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Opinions of Monday, 12 November 2007

Columnist: Anipa, Marlon

Attorney General and the Docket: Let's gets real

I have been following the inferences and hasty conclusions coming from certain persons and quarters such as NDC Virginia Chapter (which I understand has a membership of 5) calling for the resignation of the Attorney-General, Hon. Joe Ghartey. These calls are unfortunately gradually and rather insipidly gaining currency in the media and on the web.

The barrage of criticism of the Attorney –General started after he admitted, before the Parliamentary Accounts Committee (PAC), that his office were in possession of files from the BNI – despite his earlier denial of the same.

In my view, the Attorney-General must be commended for his role in this matter. His personal role in the issue has been honourable and exemplary as he, on his own volition, attended the PAC hearing to set the records straight. He also went further to apologise for the error. Something which I cannot remember any P/NDC cabinet Minister ever doing for the 20 years or so of that regime.

Furthermore the Attorney-General explained the circumstances and the basis of his earlier assertion by giving very cogent and coherent reasons. I do not imagine that these persons calling for his head believe the Attorney- General actually keeps files in his office and should therefore be held directly responsible for the error. As the Head of Department the buck stops with him and he may therefore have vicarious liability for any acts of omission or commission in his outfit. However, can we by any stretch of the imagination, contemplate that this issue warrants calls for his resignation? How any one can come to that conclusion beggars belief.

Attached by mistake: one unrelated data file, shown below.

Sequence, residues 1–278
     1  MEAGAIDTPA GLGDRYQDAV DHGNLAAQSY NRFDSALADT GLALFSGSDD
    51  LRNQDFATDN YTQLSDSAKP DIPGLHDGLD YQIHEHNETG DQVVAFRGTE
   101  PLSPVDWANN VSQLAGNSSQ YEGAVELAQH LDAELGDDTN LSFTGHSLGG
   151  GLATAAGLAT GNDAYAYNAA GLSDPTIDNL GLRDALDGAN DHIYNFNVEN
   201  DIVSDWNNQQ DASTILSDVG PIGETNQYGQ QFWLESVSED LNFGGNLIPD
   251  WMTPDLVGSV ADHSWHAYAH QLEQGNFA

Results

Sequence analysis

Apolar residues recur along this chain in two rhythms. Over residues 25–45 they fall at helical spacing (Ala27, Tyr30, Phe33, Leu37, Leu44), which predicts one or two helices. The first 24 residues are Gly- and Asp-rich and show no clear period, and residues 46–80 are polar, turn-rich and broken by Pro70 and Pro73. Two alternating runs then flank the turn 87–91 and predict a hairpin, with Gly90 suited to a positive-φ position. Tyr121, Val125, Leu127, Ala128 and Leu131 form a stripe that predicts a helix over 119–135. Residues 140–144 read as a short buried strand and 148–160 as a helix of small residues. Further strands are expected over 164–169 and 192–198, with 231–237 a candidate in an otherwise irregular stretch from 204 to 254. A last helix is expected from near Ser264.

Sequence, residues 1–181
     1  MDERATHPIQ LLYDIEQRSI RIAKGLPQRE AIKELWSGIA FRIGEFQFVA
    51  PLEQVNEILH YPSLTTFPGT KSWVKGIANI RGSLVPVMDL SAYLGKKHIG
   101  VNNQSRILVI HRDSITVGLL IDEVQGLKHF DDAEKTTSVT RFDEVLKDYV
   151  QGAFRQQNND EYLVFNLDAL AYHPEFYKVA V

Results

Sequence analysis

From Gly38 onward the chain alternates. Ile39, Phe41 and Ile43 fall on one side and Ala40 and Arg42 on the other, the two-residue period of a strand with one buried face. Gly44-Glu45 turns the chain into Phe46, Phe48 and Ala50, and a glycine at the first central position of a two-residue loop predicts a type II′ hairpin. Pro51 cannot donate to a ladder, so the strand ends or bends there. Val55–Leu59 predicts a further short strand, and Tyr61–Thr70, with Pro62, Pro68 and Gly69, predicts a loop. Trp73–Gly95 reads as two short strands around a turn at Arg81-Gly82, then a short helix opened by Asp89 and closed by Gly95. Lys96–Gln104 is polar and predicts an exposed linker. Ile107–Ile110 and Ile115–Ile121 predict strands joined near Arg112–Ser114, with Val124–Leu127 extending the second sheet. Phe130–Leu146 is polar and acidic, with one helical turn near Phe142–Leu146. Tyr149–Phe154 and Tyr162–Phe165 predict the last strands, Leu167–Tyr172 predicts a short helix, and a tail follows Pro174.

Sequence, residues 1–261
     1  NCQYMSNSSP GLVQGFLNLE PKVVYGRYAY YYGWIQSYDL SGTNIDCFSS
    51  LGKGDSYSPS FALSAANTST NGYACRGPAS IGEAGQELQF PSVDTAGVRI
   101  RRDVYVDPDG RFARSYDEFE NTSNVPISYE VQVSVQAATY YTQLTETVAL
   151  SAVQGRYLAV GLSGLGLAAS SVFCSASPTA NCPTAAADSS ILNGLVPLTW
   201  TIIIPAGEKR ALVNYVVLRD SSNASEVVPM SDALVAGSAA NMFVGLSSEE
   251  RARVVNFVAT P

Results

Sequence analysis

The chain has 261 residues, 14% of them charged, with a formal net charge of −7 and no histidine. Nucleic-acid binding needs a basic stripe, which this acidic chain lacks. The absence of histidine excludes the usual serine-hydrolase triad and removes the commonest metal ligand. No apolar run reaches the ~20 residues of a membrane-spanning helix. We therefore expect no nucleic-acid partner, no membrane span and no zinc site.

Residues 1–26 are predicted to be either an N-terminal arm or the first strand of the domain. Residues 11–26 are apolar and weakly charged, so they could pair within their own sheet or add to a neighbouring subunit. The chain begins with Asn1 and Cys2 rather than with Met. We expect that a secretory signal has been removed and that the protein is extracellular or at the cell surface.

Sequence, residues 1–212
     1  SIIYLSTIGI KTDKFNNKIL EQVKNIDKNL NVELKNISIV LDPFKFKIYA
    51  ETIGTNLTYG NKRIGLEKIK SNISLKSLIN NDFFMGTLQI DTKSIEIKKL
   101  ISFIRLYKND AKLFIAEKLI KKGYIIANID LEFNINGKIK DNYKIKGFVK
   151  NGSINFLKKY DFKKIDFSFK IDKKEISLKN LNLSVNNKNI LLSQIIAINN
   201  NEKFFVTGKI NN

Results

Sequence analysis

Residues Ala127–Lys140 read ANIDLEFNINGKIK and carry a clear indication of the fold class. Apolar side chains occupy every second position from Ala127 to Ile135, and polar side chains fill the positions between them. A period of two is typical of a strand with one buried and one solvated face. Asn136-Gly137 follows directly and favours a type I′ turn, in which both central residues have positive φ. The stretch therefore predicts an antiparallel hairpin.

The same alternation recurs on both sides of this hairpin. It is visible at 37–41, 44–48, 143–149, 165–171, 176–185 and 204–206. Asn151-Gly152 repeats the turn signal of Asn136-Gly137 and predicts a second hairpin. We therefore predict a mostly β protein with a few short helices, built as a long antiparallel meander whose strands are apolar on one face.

Again, what I find curious is that though the office of the Attorney-General has actually dealt with the matter and sent back the files to the BNI office, these persons are nonetheless shamelessly or ignorantly (or both) computing the time lapse as from the time the case was first sent to the Office of the Attorney-General. They are therefore spuriously suggesting that the Attorney-General’s office has been protracting this matter for over 13 months etc.

It was clear from the evidence to the PAC that the Attorney-General’s outfit dealt with the matter and referred the case back to the BNI. The matter was then re-referred to the AG’s office and therefore it is only this time frame, from the period that that the file was sent back to the office of the Attorney-General, that should be subject to any discussion.

It is mischievous to present this issue which some have labeled as ‘docketgate’ as though the Attorney-General’s Dept has done nothing at all about the case since its inception and willfully and deliberately sat on the files in order to pervert the course of justice.

It appears to me that the office of the Attorney-General does not want to split hairs and therefore conceded that it was their error. That is a good show of leadership. Such show of leadership and good management practice could be nothing else but commendable if seen objectively.